Cautions Against Idolatry [Part 2] B.C. 1451
6 If thy brother, the son of thy mother, or thy son, or thy daughter, or the wife of thy bosom, or thy friend, which is as thine own soul, entice thee secretly, saying, Let us go and serve other gods, which thou hast not known, thou, nor thy fathers; 7 Namely, of the gods of the people which are round about you, nigh unto thee, or far off from thee, from the one end of the earth even unto the other end of the earth; 8 Thou shalt not consent unto him, nor hearken unto him; neither shall thine eye pity him, neither shalt thou spare, neither shalt thou conceal him: 9 But thou shalt surely kill him; thine hand shall be first upon him to put him to death, and afterwards the hand of all the people. 10 And thou shalt stone him with stones, that he die; because he hath sought to thrust thee away from the LORD thy God, which brought thee out of the land of Egypt, from the house of bondage. 11 And all Israel shall hear, and fear, and shall do no more any such wickedness as this is among you.
Further provision is made by this branch of the statute against receiving the infection of idolatry from those that are near and dear to us.
I. It is the policy of the tempter to send his solicitations by the hand of those whom we love, whom we least suspect of any ill design upon us, and whom we are desirous to please and apt to conform ourselves to. The enticement here is supposed to come from a brother or child that are near by nature, from a wife or friend that are near by choice, and are to us as our own souls, v. 6. Satan tempted Adam by Eve and Christ by Peter. We are therefore concerned to stand upon our guard against a bad proposal when the person that makes it can pretend to an interest in us, that we many never sin against God in compliment to the best friend we have in the world. The temptation is supposed to be private: he will entice thee secretly, implying that idolatry is a work of darkness, which dreads the light and covets to be concealed, and in which the sinner promises himself, and the tempter promises him, secrecy and security. Concerning the false gods proposed to be served,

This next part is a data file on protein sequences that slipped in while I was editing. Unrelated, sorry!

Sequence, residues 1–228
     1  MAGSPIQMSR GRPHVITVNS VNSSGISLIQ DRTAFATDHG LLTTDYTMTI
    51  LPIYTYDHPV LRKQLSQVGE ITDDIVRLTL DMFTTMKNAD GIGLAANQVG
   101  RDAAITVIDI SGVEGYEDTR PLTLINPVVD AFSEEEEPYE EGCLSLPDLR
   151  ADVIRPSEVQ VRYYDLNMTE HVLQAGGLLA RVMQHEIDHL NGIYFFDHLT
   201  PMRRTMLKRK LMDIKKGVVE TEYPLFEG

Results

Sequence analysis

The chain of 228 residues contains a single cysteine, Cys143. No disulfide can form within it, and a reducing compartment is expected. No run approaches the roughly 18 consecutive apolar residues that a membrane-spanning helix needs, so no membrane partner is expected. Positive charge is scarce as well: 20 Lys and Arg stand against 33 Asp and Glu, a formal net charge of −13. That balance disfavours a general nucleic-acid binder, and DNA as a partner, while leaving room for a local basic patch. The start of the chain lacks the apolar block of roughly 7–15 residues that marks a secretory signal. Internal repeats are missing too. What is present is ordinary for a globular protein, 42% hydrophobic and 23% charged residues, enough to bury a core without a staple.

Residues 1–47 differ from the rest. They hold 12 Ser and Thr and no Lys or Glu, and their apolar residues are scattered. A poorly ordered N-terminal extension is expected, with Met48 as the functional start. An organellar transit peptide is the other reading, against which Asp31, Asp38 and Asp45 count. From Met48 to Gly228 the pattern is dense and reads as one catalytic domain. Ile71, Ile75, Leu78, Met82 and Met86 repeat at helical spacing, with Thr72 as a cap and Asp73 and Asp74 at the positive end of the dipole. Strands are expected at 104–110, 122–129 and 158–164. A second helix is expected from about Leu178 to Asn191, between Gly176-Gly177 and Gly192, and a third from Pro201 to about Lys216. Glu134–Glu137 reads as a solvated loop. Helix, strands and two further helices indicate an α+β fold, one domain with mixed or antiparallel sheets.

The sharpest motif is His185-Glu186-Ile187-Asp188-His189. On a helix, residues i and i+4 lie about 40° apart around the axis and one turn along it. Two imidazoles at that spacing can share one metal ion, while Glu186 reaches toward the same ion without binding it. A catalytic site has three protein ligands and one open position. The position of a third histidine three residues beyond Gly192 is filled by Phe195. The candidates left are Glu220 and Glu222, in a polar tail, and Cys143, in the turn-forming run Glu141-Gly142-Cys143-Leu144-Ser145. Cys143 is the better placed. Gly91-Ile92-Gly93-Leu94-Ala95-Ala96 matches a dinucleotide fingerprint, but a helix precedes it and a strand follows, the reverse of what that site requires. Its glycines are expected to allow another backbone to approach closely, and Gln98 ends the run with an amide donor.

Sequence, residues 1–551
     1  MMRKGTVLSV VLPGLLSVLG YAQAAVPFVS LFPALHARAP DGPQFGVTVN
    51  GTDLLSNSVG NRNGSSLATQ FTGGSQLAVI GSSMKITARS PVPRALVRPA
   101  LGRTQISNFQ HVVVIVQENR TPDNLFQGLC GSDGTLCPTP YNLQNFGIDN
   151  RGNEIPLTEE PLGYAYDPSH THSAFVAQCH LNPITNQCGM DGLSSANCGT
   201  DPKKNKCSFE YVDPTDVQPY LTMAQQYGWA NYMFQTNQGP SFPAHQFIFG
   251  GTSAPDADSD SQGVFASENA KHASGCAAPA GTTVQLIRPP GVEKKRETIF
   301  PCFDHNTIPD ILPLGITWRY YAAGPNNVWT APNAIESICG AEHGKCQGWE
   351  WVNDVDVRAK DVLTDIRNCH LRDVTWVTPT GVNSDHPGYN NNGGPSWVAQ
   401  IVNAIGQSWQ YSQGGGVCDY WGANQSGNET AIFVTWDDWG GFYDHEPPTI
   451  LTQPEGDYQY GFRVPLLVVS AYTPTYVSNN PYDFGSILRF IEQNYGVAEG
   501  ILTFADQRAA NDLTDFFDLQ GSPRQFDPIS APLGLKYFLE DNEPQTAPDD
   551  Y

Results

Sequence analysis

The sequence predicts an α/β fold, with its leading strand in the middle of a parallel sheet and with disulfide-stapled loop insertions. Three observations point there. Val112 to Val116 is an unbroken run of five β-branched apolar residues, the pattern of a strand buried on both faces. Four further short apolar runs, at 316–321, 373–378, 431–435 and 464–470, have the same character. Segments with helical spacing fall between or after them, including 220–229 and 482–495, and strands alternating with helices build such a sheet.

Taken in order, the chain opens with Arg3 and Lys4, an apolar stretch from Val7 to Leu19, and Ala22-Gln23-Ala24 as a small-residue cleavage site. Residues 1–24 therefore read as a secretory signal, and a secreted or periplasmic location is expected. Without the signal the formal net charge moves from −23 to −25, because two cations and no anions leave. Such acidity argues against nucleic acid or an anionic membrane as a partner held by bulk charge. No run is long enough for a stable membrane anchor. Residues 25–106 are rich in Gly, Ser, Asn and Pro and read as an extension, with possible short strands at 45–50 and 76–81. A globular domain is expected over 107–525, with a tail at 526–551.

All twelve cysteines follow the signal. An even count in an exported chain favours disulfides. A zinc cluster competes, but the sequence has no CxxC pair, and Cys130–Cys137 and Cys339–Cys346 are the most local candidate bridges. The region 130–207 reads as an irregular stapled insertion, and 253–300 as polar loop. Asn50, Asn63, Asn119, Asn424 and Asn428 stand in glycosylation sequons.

1. The tempter suggests that the worshipping of these gods was the common practice of the world; and, if they limited their adorations to an invisible Deity, they were singular, and like nobody, for these gods were the gods of the people round about them, and indeed of all the nations of the earth, v. 7. This suggestion draws many away from religion and godliness, that it is an unfashionable thing; and they make their court to the world and the flesh because these are the gods of the people that are round about them.
2. Moses suggests, in opposition to this, that it had not been the practice of their ancestors; they are gods which thou hast not known, thou nor thy fathers. Those that are born of godly parents, and have been educated in pious exercises, when they are enticed to a vain, loose, careless way of living should remember that those are ways which they have not known, they nor their fathers. And will they thus degenerate?
II. It is our duty to prefer God and religion before the best friends we have in the world.
1. We must not, in complaisance to our friends, break God’s law (v. 8): “Thou shalt not consent to him. nor go with him to his idolatrous worship, no, not for company, or curiosity, or to gain a better interest in is affections.” It is a general rule, If sinners entice thee, consent thou not, Prov. 1:10.
2. We must not, in compassion to our friends, obstruct the course of God’s justice. He that attempts such a thing must not only be looked upon as an enemy, or dangerous person, whom one should be afraid of, and swear the peace against, but as a criminal or traitor, whom, in zeal for our sovereign Lord, his crown and dignity, we are bound to inform against, and cannot conceal without incurring the guilt of a great misprision (v. 9): Thou shalt surely kill him. By this law the persons enticed were bound to the seducer, and to give evidence against him before the proper judges, that he might suffer the penalty of the law, and that without delay, which the Jews say is here intended in that phrase, as it is in the Hebrew, killing thou shalt kill him. Neither the prosecution nor the execution must be deferred; and he that was first in the former must be first in the latter, to show that he stood to his testimony: “Thy hand shall be first upon him, to mark him out as an anathema, and then the hands of all the people, to put him away as an accursed thing.” The death he must die was that which was looked upon among the Jews as the severest of all deaths. He must be stoned: and his accusation written is that he has sought to thrust thee away, by a kind of violence, from the Lord they God, v. 10. Those are certainly our worst enemies that would thrust us from God, our best friend; and whatever draws us to sin, separates between us and God, is a design upon our life, and to be resented accordingly, And, lastly, here is the good effect of this necessary execution (v. 11): All Israel shall hear and fear. They ought to hear and fear; for the punishment of crimes committed is designed in terrorem–to terrify, and so to prevent their repetition. And it is to be hoped they will hear and fear, and by the severity of the punishment, especially when it is at the prosecution of a father, a brother, or a friend, will be made to conceive a horror of the sin, as exceedingly sinful, and to be afraid of incurring the like punishment themselves. Smite the scorner that sins presumptuously, and the simple, that is in danger of sinning carelessly, will beware.
– Matthew Henry Commentary